Wednesday, February 19, 2003

I have been wondering why Germany has been one of the few outspoken voices of reason against an invasion. The majority of Germans are strongly opposed to this aggression, and their chancellor, the pathetical populist Gerhard Schröder, has predictably followed along and voiced the nation's abhorrence on the international stage.

My conclusion is that this stems from the sensitivity of the Germans to being branded apathetic, when confronted with rhetoric that extolls the virtues of starting a war. Today's chant about "taking care of business" seems to have stirred the soul of this nation, which bowed its head in shame for decades after starting a devastating war which was preceded by a very similar rhetoric by its 'elected' leaders.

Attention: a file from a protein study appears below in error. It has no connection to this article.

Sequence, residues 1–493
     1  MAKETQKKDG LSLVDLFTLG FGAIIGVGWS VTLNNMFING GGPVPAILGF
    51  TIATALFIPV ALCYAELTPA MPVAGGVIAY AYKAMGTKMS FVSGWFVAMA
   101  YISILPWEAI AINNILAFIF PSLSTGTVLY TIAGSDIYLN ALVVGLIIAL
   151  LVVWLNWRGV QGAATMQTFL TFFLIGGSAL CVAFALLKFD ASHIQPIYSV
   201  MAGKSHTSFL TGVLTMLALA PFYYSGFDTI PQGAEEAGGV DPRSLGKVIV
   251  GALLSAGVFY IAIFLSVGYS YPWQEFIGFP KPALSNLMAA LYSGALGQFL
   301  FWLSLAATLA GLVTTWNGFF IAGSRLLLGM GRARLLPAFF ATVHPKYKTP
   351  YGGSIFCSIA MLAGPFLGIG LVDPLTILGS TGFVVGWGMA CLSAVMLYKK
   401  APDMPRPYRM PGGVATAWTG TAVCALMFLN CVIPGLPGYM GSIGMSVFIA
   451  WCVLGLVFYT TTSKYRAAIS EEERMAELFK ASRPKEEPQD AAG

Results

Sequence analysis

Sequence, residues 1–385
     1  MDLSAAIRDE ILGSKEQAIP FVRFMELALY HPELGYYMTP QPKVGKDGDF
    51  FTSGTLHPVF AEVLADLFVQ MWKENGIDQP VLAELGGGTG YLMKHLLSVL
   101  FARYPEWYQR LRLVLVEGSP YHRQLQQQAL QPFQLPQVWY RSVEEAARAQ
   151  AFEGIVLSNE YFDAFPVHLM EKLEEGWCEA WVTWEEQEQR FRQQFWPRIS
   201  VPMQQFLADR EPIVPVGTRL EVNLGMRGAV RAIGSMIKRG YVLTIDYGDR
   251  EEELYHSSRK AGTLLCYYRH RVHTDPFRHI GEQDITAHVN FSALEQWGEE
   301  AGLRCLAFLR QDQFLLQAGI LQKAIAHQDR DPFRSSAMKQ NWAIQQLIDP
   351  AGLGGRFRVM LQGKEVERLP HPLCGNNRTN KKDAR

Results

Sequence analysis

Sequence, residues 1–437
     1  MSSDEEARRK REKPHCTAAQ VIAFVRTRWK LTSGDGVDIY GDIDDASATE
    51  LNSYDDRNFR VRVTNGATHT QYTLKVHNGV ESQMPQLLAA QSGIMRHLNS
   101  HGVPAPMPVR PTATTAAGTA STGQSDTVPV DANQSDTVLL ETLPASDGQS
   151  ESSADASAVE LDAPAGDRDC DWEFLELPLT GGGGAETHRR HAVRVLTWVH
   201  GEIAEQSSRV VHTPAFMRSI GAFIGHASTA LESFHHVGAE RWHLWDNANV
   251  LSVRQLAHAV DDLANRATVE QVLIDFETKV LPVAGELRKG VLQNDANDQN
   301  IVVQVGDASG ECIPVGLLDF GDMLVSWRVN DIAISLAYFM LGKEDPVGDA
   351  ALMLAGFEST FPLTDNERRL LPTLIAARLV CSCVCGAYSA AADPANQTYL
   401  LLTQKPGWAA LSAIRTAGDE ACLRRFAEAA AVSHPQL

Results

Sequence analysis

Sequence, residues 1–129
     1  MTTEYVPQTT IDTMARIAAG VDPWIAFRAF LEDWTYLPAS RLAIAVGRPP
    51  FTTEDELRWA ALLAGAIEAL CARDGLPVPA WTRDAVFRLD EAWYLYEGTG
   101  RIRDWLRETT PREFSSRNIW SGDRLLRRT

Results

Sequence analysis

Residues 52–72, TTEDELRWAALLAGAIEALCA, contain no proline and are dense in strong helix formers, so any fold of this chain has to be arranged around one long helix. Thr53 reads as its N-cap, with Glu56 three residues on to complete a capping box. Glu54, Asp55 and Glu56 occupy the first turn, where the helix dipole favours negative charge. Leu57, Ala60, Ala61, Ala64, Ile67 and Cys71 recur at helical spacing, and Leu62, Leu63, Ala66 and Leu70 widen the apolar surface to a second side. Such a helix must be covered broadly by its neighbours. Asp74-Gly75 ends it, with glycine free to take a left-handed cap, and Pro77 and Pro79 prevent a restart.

Long forgotten speeches, proclaiming a need for "Lebensraum" and for staving off an "immediate threat" from the east by means of "preemptive military actions", seem ominously close now.

But, since history is written by the victor, the likelihood of a similar moral lesson being learned by the agressor of our times is sadly slim.